3. Neapolitan

Much like Detroit-style, Neapolitan pizza has become completely overdone. Countless shops are now making the smaller, fluffier pies, with mixed results. Neapolitan is a low-floor, high-ceiling style — a great one may be the best pie you’ve ever had, but few things are more disappointing than a bad one. Because not only do you have to munch on a tiny, watery mess of a pie, but you probably just paid 20 bucks for the thing. Some of New Jersey’s best pies are made in the style. Razza in Jersey City? Incredible. Bivio in Montclair? Divine. But for every good Neapolitan shop, there are five bad ones.

4. Buffalo chicken

I love buffalo wings. I love buffalo chicken salads. I love buffalo chicken sandwiches and wraps. But more often than not, a buffalo chicken pizza is an under-sauced pie topped with a dried out chicken cutlet dosed in Frank’s Red Hot. We’re better than this, people. It’s the Applebee’s of pizza toppings. That’s fine if you live in a wasteland pizza, but we don’t. We’re in the pizza promise land, let’s act like it. Speaking of buffalo chicken…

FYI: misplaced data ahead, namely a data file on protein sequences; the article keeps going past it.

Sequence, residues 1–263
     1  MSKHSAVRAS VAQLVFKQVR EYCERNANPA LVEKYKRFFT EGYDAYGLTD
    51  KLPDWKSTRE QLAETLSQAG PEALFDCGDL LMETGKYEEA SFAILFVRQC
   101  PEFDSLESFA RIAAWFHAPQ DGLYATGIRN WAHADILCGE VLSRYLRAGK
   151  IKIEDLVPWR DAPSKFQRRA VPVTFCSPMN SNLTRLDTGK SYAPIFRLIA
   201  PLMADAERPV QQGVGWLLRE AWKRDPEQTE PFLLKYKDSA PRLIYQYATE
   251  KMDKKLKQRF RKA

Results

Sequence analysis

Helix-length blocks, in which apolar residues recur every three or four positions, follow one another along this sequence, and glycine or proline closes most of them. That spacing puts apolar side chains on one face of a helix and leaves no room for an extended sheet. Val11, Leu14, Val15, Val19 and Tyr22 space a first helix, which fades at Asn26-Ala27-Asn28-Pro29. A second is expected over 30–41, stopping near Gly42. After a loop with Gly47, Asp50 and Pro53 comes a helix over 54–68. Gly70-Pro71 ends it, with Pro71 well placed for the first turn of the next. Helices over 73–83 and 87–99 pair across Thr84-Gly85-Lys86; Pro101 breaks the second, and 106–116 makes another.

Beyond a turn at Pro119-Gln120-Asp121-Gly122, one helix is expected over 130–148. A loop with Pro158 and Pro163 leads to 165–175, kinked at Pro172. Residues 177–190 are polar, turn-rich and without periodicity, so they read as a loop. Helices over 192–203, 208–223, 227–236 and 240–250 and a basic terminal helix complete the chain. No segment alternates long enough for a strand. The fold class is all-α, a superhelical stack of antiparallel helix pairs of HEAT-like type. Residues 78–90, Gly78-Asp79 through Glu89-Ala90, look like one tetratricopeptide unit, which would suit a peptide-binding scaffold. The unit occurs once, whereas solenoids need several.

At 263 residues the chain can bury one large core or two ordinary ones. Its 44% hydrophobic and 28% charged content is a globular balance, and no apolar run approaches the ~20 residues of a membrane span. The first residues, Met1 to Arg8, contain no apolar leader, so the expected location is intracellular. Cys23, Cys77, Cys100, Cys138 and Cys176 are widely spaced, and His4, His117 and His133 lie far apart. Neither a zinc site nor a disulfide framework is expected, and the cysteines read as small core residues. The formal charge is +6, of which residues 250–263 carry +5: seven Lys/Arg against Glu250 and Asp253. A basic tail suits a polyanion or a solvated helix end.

5. Ranch

You would be surprised how many self-respecting New Jerseyans take perfectly fine New Jersey pizza and dunk it in ranch dressing. You don’t put ketchup on a steak from Peter Luger. Putting ranch on Jersey pizza may be worse. You’re completely ruining the perfect flavors of bread, sauce and cheese in the laziest way possible. If you want to dunk something in ranch, grab some carrots.

6. Overloaded pizzas

The best pizza is plain pizza. I will die on this cheesy, saucy hill (as my heart stops because I ate too much plain pizza). That doesn’t mean I don’t like toppings. But some pizzerias are very clearly attempting to use toppings to cover up an otherwise pretty mediocre pizza. If you have two different types of meats, three veggies, a drizzle of honey and two different sauces on your pie, not only are you overcompensating, but that sucker is gonna fall apart as soon as I try to pick up a slice. Do less.

Soho penne vodka pie

A penne alla vodka pie from Soho in Montclair. (Jeremy Schneider | NJ Advance Media for NJ.com)

7. Vodka Pies